Still other useful formats in which this invention can be employed are described in U.S. Pat. Nos. 3,415,644; 3,415,645; 3,415,646; 3,647,437; 3,635,707; and 3,993,486. Further details regarding diffusion transfer film units are contained in Research Disclosure, Vol. 151, Item 15162, November 1976.

The term "nondiffusible" used herein has the meaning commonly applied to the term in photography and denotes materials that for all practical purposes do not migrate nor wander through organic colloid layers such as gelatin in an alkaline medium, in photographic elements and preferably when processed in a medium having a pH of 11 or greater. The same meaning is to be attached to the term "immobile". The term "diffusible" has the converse meaning and denotes the materials having the property of diffusing effectively through the colloid layers of photographic elements in an alkaline medium. "Mobile" has the same meaning.

The term "associated therewith" as used herein is intended to mean that the materials can be in either the same or different layers so long as the materials are accessible to one another during processing.

The following examples further illustrate this invention.

PREPARATIVE EXAMPLE 1 5-Phthalimidomethylthio-1-phenyl-1H-tetrazole ##STR8##

A solution of 2.40 g N-(bromomethyl)phthalimide (0.010 mol) and 2.00 g 1-phenyl-1H-tetrazole-5-thiol, sodium salt (0.010 mol) in 20 ml N,N-dimethylacetamide was stirred 0.5 hours. The slurry was then poured into water extracted with ethyl acetate, dried and concentrated in vacuo. The solid obtained was recrystallized from ethyl acetate/hexane to give 2.43 g (72.0%) of a colorless solid, m.p. 146-7 C.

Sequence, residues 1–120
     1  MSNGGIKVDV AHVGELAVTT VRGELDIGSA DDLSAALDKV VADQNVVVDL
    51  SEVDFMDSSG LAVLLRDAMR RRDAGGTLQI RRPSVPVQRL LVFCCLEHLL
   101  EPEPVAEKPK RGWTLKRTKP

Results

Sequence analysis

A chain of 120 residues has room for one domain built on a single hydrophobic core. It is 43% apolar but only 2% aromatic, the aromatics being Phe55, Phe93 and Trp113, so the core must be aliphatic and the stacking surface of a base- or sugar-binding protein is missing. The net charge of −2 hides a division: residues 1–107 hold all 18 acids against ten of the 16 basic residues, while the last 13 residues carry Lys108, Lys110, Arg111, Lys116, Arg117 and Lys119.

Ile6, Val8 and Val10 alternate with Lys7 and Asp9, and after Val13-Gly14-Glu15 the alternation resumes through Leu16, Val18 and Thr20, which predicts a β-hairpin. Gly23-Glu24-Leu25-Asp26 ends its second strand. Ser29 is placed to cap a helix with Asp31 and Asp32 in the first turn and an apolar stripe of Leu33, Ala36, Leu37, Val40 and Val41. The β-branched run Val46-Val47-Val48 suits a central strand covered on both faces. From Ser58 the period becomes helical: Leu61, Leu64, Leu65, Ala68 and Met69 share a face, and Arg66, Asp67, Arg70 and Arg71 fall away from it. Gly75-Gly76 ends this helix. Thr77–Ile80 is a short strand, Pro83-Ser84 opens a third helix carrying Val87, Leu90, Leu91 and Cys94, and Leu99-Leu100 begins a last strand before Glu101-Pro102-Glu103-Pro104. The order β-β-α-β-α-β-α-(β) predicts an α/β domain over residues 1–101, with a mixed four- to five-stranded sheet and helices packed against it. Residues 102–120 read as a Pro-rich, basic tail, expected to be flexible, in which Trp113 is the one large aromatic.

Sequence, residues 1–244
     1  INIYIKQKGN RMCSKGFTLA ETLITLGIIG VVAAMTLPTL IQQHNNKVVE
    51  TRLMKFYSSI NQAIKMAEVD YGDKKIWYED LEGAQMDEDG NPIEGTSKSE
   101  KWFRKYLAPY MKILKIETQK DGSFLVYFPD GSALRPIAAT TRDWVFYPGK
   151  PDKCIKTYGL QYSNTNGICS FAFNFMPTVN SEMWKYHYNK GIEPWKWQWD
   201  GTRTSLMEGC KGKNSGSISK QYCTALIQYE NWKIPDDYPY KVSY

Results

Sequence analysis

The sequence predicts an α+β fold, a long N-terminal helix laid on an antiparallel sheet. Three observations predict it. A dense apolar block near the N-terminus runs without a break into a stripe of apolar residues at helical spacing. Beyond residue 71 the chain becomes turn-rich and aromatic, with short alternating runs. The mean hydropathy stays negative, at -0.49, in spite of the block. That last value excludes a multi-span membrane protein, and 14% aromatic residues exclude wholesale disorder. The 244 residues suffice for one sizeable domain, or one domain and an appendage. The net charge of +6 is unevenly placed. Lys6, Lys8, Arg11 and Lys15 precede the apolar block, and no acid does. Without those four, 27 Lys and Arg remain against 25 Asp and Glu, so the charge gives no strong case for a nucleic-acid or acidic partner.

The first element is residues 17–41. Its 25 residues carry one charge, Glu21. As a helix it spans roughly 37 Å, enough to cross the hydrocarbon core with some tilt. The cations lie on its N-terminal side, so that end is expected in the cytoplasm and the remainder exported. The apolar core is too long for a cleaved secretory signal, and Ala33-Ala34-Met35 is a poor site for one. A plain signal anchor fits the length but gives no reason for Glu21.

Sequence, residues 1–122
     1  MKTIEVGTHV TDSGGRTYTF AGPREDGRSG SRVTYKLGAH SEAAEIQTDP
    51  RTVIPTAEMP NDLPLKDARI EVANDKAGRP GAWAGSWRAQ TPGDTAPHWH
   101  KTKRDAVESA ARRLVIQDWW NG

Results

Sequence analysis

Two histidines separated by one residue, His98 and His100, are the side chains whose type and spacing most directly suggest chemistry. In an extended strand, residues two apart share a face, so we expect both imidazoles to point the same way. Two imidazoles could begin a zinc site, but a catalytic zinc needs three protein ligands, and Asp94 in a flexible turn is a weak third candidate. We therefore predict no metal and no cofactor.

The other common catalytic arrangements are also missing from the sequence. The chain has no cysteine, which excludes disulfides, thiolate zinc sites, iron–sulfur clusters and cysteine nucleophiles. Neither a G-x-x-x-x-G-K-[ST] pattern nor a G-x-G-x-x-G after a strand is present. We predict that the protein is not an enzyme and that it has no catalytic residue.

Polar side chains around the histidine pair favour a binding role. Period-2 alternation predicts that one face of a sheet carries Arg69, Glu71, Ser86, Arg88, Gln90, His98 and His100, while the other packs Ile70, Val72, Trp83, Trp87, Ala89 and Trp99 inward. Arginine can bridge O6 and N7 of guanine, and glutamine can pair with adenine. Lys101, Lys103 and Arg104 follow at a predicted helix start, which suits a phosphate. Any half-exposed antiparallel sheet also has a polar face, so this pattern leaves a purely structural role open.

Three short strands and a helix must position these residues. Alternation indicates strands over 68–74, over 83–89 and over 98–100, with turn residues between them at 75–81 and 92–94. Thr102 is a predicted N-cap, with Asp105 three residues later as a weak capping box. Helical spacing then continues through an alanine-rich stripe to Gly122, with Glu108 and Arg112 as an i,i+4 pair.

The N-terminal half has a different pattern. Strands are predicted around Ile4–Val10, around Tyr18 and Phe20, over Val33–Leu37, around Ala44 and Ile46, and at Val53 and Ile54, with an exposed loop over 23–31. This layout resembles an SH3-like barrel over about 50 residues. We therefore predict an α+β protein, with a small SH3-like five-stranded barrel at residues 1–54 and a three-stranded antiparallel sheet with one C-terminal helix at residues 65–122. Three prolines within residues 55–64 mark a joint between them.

PREPARATIVE EXAMPLE 2 1-(Phthalimidomethyl)benzotriazole ##STR9##

A slurry of benzotriazole (11.9 g) and 30% formalin (8.3 ml) was heated to reflux in 100 ml of 25% aqueous dimethylformamide. A trace of starting material remained. The solution was treated with 1.0 ml of 10% aqueous sodium hydroxide and heated to reflux again. An aqueous ethyl acetate extractive work up afforded 1-(hydroxymethyl)benzotriazole (8.65 g).

This adduct was heated at 50 C. with thionyl chloride (75 ml) until no further gas evolved. Concentration in vacuo afforded 1-(chloromethyl)benzotriazole (crude).

A solution of potassium phthalimide (5.55 g) and crude 1-(chloromethyl)benzotriazole (5.02 g) in 75 ml dimethylformamide was stirred at ambient temperature for 2 hours. An additional portion of potassium phthalimide (1.0 g) was added. After 2 hours an aqueous ethyl acetate extractive work up gave a crude solid. Recrystallization from acetonitrile gave a colorless solid, m.p. 177-180 C. (5.49 g).

PREPARATIVE EXAMPLE 3 1-Phenyl-4-(phthalimidomethyl)-2-tetrazoline-5-thione

A solution of 1-phenyl-4-chloromethyltetrazoline-5-thione (4.53 g) and potassium phthalimide (4.00 g) in 50 ml dimethylformamide was heated at 55 C. for 2 hours. The solution was poured into water. Ethyl acetate extractive workup gave a colorless solid. Recrystallization from ethanol afforded a colorless solid, m.p. 130-134 C. (2.75 g).

PREPARATIVE EXAMPLE 4 1-Hydroxy-4-[4-(5-phthalimidomethylthio-1-tetrazolyl)benzenesulfonamido]-2-naphthamide ##STR10##

This compound was prepared in three steps from sodium 4-(5-mercapto-1-tetrazolyl)benzenesulfonate, which was first blocked with N-(chloromethyl)phthalimide using sodium methoxide in dimethylformamide to effect the reaction. The sulfonyl chloride was prepared using thionyl chloride in tetrahydrofuran and then allowed to react with 4-amino-1-hydroxy-N,N-dioctadecyl-2-naphthamide by methods described in U.S. Pat. No. 4,135,929, to prepare the above compound, m.p. 98-104 C.

EXAMPLE 1 Development Inhibitor Precursors: Blocked 5-Tetrazolethiols